IMF rethinks its future

Like most annual meetings, the IMF's gathering in Washington presents delegates with an agenda that is supposed to be pretty much sealed up well before they get their chance to vote on it. The achievements of this year's meeting, such as the initiative to reduce the debt burden on small countries, have been crafted by officials during the past six months. The real issue for discussion during the active round of cocktail parties is the shape the IMF and other international institutions will need to take as the global balance of economic power shifts.

It is now plain that there are some big new kids on the block. Up-and- coming countries such as Korea, because of its wealth, and China, because of its size, will without doubt become important economic powers. The question is how the Fund needs to evolve to recognise these new economic forces on the world stage.

The first step has been taken. The "new arrangements to borrow", the emergency source of funds created in response to the Mexican crisis, incorporates some of the new powers such as Korea, Malaysia and Singapore.

The next steps are under way, with the IMF's appeal to members for an increase in quotas. These are the member countries' shareholdings in the Fund. The IMF would like to use a quota increase to double its capital in a way that reflects countries' relative importance in the world economy.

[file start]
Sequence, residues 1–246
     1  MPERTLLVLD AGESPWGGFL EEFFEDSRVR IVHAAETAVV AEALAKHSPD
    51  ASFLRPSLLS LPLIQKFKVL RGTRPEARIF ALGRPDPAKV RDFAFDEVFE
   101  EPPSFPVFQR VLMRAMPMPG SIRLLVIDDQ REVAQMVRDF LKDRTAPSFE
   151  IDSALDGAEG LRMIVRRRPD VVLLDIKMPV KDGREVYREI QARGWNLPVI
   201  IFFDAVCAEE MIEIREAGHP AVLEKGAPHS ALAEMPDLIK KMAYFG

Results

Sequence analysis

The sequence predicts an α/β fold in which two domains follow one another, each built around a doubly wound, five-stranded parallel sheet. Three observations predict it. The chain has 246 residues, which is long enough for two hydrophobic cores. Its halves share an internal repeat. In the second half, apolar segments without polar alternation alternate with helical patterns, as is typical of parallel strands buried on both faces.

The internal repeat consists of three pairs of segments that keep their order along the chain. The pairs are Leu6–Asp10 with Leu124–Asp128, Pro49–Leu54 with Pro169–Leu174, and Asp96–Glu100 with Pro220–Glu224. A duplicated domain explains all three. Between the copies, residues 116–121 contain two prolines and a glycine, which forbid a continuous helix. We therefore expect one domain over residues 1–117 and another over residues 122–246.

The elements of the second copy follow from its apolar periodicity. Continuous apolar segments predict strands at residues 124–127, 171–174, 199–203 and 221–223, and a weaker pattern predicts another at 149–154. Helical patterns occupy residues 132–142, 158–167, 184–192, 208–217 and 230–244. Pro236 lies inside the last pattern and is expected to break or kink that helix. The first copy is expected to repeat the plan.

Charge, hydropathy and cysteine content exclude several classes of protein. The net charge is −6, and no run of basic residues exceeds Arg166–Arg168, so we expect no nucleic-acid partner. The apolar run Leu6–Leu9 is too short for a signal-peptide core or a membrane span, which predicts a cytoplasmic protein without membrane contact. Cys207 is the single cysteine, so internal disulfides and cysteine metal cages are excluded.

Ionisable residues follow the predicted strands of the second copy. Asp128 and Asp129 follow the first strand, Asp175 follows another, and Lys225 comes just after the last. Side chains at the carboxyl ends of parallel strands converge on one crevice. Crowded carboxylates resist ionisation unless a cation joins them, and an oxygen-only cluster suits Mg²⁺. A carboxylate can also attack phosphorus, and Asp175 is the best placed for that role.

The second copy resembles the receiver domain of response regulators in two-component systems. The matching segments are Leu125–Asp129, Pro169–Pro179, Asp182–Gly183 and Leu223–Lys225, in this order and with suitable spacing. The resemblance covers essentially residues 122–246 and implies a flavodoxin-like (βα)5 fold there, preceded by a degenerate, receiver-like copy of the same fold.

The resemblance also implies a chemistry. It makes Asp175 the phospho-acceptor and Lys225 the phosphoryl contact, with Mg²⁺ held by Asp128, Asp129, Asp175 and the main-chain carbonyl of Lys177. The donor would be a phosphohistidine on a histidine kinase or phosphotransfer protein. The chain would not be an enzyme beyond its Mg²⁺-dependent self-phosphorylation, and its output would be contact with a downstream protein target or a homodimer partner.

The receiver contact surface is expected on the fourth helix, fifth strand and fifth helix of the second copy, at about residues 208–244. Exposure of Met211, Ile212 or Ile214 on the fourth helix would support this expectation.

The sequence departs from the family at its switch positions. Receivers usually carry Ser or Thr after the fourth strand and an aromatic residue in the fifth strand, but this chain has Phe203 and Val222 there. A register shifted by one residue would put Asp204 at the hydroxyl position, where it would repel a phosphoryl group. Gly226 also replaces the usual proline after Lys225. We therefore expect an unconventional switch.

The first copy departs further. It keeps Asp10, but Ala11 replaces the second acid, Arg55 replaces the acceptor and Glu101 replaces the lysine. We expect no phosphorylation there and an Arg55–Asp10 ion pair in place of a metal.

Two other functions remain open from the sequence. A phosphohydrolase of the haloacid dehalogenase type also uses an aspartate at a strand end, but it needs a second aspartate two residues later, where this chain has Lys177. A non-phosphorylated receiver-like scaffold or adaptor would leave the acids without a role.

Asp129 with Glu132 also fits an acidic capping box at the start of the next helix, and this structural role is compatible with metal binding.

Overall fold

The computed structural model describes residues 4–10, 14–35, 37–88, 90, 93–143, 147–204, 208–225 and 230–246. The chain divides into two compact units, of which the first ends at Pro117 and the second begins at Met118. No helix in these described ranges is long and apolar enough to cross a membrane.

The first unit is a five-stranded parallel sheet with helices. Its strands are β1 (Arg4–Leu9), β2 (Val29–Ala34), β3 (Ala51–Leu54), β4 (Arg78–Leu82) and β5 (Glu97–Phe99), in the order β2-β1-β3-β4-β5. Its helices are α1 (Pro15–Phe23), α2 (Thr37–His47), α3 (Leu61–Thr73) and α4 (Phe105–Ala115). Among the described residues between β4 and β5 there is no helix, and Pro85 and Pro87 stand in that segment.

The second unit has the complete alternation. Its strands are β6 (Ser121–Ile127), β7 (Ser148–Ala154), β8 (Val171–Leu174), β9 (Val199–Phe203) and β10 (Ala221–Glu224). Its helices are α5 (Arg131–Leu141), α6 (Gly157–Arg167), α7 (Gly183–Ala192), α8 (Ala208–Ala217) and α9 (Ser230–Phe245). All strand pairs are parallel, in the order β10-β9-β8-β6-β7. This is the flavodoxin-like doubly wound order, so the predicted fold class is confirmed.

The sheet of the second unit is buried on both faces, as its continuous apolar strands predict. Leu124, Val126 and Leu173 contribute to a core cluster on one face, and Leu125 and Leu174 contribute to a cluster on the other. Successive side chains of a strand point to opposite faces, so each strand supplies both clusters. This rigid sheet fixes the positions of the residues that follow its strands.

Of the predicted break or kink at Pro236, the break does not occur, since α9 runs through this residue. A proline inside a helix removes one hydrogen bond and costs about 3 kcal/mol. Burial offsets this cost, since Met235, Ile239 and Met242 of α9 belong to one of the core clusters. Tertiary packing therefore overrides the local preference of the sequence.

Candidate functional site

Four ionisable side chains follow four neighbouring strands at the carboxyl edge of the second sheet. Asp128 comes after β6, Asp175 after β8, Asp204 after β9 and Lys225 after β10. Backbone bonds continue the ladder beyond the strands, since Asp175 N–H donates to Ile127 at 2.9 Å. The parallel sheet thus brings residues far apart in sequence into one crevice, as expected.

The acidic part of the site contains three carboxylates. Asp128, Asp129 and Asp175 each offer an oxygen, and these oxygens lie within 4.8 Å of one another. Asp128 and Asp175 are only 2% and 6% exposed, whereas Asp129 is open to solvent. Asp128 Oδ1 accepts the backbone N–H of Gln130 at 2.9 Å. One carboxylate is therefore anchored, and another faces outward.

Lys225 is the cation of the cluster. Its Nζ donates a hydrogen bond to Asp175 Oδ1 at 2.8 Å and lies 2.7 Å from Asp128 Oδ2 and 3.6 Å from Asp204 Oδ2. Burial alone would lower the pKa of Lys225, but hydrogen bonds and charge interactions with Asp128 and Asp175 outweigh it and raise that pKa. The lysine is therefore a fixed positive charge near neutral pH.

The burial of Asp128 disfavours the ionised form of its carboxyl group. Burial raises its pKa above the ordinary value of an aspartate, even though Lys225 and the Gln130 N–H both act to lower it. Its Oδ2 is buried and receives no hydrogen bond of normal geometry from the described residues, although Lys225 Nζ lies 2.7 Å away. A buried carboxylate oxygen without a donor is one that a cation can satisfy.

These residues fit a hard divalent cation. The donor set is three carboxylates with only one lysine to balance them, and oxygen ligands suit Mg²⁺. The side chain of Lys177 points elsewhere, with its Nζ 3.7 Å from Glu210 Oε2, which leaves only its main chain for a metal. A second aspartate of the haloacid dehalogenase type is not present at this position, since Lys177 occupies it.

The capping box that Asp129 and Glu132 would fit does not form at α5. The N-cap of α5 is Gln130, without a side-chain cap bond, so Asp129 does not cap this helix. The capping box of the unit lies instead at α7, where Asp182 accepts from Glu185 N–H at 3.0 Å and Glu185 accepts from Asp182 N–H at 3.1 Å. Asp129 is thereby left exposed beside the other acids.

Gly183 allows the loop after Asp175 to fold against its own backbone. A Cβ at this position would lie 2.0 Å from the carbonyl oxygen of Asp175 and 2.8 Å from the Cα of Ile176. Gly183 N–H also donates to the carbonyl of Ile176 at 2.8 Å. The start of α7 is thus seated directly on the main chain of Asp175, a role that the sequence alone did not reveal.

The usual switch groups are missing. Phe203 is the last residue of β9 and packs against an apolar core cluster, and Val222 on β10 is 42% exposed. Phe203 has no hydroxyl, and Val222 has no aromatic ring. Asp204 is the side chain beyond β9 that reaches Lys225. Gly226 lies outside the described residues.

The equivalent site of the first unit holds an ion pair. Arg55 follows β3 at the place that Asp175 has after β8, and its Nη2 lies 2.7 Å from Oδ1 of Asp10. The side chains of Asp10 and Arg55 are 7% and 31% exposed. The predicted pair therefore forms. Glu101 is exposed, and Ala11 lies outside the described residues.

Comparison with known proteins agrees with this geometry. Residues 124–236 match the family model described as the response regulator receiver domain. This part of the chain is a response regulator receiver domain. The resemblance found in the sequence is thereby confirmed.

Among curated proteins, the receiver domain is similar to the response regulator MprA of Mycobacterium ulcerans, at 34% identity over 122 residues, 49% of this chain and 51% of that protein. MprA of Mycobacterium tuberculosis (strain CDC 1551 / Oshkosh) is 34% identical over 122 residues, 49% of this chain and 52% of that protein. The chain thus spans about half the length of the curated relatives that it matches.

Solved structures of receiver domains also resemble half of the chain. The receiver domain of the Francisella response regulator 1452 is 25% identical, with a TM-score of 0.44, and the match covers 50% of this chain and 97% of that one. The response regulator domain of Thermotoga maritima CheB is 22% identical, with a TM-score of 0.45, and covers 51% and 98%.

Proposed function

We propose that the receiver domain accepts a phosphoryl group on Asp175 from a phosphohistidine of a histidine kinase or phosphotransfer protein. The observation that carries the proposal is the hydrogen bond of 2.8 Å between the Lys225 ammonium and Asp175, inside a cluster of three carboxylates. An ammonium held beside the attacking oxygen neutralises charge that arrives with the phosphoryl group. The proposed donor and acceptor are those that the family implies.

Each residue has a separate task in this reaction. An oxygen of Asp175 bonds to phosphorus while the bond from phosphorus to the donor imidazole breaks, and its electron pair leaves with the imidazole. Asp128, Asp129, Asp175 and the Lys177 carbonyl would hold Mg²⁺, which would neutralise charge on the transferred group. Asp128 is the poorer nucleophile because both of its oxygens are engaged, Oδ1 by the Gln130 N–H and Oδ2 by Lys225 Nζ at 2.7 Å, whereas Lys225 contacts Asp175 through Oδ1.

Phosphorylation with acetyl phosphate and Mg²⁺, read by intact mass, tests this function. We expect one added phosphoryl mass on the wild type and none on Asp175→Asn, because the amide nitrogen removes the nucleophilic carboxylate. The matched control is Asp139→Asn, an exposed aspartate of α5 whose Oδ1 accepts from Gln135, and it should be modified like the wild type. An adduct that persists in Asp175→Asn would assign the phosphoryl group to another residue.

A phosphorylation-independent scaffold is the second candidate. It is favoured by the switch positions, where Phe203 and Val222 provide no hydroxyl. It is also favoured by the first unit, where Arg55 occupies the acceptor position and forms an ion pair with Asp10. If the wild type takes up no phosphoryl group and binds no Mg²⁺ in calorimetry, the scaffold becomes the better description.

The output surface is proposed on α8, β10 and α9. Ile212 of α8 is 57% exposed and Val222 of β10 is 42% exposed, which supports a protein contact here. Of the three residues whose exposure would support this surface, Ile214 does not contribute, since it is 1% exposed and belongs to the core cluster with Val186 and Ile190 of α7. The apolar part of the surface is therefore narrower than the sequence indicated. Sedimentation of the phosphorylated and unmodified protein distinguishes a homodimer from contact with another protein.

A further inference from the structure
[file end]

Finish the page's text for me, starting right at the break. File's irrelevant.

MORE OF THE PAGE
Negotiations will go ahead in the hope that proposals can be put to a vote next year. But there are big question marks. One is what it will mean for the industrial countries. In particular, will the single currency mean the need for a single European voice at the IMF and what will that imply for Britain if it stays out?

Although there is no immediate threat to the UK's strong voice in the organisation, it looks sure to diminish over time - hence Mr Clarke's attempt to get some of his free market principles written into the IMF's list of objectives. More important, there is the issue of how countries with very different political cultures can be incorporated in a system of decision making that has always been based on a shared model of democracy. So far, the biggest difference in world view the institution has had to accommodate has been between that of the Germans and the Americans. But as the shadow hanging over next year's meeting in Hong Kong shows, inviting China and others to step into the boardroom could be fraught with difficulty.

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